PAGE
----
Wall street experts weigh in on the larger than expected decline in payrolls and the good news on the manufacturing front
Wall Street wasn't in a jovial mood as April Fools' Day 2009 got underway. Investors were greeted by news of a much larger than anticipated decline in private payrolls in the ADP employment survey for March. The news caused some jitters about the size of U.S. job losses to be revealed in the government's employment report for March, scheduled for release on Apr. 3. It also weighed on major stock indexes, which had closed out March by posting their strongest monthly gains in six years in the previous session.
But the Street's mood brightened—and major stock indexes moved from negative to positive territory—after the release of better than forecast data on construction spending, pending home sales, and the Institute for Supply Management's manufacturing index.
What did Wall Street economists and strategists have to say about the mix of data—and other topics—on Apr. 1? Here is a sampling, as compiled by BusinessWeek staff:
Michael Englund, Action Economics
The ADP Employment payroll survey revealed a hefty 742,000 March drop, which sharply undershot our own -655,000 private payroll estimate…[t]he industry breakdown for March showed downside surprises across industries, with a 327,000 drop for goods producers that includes a 206,000 decline at factories, and a 415,000 decline for the service sector.
The ADP figures broken down by company size continue to show a skewing of job loss toward medium and small-size firms vs. large firms, as opposed to the last cycle when the spread was more uniform, though the distribution this time around is proportional to segment-size. In March, medium-size firms posted a hefty 330,000 drop, vs. prior declines of 310,000 in February, 300,000 in January, and an average monthly drop in the six months before that of 157,000. Small-firm payrolls fell by 284,000 in March, vs. prior declines of 270,000 in February, 211,000 in January, and 129,000 per month over the prior six months. These payroll categories are declining at roughly double the 2001 recession peak rates of 190,000 for medium-size firms and 128,000 for small firms.
In contrast, large firm payroll declines are only just bouncing around the 110,000 peak rate from 2001, with a 128,000 drop in March, a 126,000 drop in February, a 123,000 drop in January, and a 68,000 average drop in the prior six months. Construction firms tend to be small or medium-size, which could explain this pattern, though auto and parts companies tend to be large.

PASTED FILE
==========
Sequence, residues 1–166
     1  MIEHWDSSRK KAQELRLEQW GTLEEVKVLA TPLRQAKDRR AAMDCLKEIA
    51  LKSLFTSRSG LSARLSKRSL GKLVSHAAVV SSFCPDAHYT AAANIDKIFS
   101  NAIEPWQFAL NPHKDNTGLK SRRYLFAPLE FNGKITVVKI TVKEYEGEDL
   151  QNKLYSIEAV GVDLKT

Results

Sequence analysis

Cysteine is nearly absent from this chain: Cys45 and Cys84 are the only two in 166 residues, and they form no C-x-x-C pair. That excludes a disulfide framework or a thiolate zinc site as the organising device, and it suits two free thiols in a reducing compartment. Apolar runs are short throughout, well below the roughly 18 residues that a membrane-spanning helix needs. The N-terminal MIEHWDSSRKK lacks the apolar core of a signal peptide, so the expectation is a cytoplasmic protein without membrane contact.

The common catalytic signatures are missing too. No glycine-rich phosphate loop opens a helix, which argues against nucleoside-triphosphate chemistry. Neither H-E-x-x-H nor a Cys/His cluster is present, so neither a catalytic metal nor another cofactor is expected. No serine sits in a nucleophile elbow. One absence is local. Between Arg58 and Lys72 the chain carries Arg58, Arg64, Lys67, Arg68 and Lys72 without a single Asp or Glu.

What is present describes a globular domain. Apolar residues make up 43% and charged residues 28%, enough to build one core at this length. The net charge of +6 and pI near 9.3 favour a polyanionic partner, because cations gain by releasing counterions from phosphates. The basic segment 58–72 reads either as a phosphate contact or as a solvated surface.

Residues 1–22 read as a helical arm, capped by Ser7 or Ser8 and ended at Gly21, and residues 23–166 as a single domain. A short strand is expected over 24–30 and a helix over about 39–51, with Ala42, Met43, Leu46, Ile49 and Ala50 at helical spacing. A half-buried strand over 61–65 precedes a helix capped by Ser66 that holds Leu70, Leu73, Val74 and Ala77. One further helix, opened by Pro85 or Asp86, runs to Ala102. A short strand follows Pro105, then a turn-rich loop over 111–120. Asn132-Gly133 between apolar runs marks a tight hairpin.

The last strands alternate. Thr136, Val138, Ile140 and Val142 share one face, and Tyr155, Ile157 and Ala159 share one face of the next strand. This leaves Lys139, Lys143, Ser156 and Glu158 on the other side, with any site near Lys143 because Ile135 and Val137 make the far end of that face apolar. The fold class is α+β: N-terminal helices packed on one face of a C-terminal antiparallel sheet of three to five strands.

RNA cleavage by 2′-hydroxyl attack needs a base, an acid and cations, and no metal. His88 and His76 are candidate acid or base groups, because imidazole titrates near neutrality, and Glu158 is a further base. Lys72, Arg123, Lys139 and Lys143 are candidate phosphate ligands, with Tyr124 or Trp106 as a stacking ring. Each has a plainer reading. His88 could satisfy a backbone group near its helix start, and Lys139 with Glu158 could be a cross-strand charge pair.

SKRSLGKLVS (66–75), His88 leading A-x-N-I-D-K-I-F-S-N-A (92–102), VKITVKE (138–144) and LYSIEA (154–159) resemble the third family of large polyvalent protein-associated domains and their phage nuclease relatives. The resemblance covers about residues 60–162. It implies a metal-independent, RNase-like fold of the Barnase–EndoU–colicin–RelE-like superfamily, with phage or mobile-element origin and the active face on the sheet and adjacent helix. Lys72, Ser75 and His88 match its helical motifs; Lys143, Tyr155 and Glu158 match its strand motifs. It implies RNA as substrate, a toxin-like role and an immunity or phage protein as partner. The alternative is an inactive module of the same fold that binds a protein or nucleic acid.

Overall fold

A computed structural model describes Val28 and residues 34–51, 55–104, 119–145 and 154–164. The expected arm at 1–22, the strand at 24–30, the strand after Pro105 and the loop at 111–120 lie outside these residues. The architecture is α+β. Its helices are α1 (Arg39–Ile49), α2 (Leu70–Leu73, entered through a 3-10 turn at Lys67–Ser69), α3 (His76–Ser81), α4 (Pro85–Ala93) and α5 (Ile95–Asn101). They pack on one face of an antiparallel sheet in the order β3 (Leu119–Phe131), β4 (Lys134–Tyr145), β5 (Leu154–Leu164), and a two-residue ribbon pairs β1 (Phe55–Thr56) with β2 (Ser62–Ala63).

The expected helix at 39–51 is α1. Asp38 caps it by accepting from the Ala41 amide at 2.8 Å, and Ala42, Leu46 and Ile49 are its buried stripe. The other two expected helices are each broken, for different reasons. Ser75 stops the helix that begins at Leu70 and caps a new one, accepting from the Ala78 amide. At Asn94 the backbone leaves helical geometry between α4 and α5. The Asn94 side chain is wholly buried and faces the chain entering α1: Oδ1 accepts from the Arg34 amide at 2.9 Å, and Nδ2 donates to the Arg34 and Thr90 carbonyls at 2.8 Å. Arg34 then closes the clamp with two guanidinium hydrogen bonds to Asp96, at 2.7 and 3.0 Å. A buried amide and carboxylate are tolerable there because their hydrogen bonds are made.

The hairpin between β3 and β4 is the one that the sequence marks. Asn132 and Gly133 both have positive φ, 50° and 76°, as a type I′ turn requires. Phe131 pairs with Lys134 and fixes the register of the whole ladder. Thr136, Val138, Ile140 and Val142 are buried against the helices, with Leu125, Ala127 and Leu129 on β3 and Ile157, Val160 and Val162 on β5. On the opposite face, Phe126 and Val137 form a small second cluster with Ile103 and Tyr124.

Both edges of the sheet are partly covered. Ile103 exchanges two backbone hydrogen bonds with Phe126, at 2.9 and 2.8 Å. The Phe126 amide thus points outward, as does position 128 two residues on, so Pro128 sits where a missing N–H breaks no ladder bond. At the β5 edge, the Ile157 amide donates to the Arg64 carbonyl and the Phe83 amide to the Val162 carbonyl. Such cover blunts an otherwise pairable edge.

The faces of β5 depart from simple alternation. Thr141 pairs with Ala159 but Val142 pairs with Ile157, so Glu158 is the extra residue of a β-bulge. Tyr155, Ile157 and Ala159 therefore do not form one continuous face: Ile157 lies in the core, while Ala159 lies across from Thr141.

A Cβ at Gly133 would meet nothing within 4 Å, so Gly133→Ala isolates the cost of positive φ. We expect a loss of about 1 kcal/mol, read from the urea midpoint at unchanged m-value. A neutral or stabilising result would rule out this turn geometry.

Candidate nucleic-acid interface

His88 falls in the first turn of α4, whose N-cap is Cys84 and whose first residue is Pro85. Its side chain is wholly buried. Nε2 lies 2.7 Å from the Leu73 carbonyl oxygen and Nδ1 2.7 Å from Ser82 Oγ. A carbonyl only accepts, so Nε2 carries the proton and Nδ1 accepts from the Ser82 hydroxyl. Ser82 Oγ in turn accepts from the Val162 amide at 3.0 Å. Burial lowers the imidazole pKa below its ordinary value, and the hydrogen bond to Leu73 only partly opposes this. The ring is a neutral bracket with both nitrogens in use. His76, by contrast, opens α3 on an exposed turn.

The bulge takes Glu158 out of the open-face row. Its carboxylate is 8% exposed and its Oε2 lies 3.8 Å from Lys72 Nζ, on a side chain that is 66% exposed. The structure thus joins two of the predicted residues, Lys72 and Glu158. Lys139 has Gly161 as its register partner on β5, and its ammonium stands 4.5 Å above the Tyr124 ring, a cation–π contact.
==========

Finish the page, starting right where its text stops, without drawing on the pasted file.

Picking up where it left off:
Tony Crescenzi, Miller Tabak
The Institute for Supply Management's manufacturing [index] rise to 36.3 in March, from 35.8 in February, was the third consecutive monthly increase since falling to a 27-year low of 32.9 in December. Further increases look likely in the months ahead because of TALF and PPIP, and because the American Recovery & Reinvestment Act will inject roughly $100 billion into the U.S. economy in the current quarter. The ISM measures the direction of change, not magnitude, so it is likely these government programs will give the ISM a boost. And that's likely to boost investor sentiment. Riskier assets will perform better in this environment.
The most important development in [the March] report was the sharp increase in the new orders component. It jumped 8.1 points, to 41.2, its highest level since August 2008. New orders account for 30% of the overall index, the most of any component, reflecting its high predictive value.
Beth Ann Bovino, Standard & Poor's
U.S. construction spending fell 0.9% in February, which was better than the -2.0% expected by markets. However, this comes after downward revisions the prior two months. January was downwardly revised to -3.5%, from -3.3% previously, while December was revised down to -3.1%, from -2.4%. Residential construction spending fell 4.1% in February after a 3.5% decline previously (revised from -2.8%). Nonresidential construction rebounded 0.5% following a 3.6% drop in January (previously -3.5%). Private construction activity dropped 1.6%, while public works rose 0.8%. The headline data aren't as bad as expected, but the downward revisions the prior two months take away some of the charm.
[The] U.S. pending home sales index rebounded 2.1%, to 82.1, in February, partially offsetting the 7.7% decline to 80.4 in January. The index is still down 6.2% over last year. Gains were posted in three of the four regions, with only the West posting a decline on the month (-13.5%). The better-than-expected data help support hopes that the housing market is stabilizing.
Tracy Knudsen, Lowry's Reports
[The Mar. 31 stock market advance] was a respectable rally effort, but it did not provide enough evidence to suggest the coast is clear and a further advance is likely in the days ahead. [A] late-day sell-off, which erased a good portion of the gains posted earlier in the day, does call into question buyers' willingness to follow prices higher in the near term. In addition, some short-term indicators remain in overbought territory, suggesting further market weakness is possible. At this juncture, the onus appears to be on the bulls to extend this rally in the days ahead.
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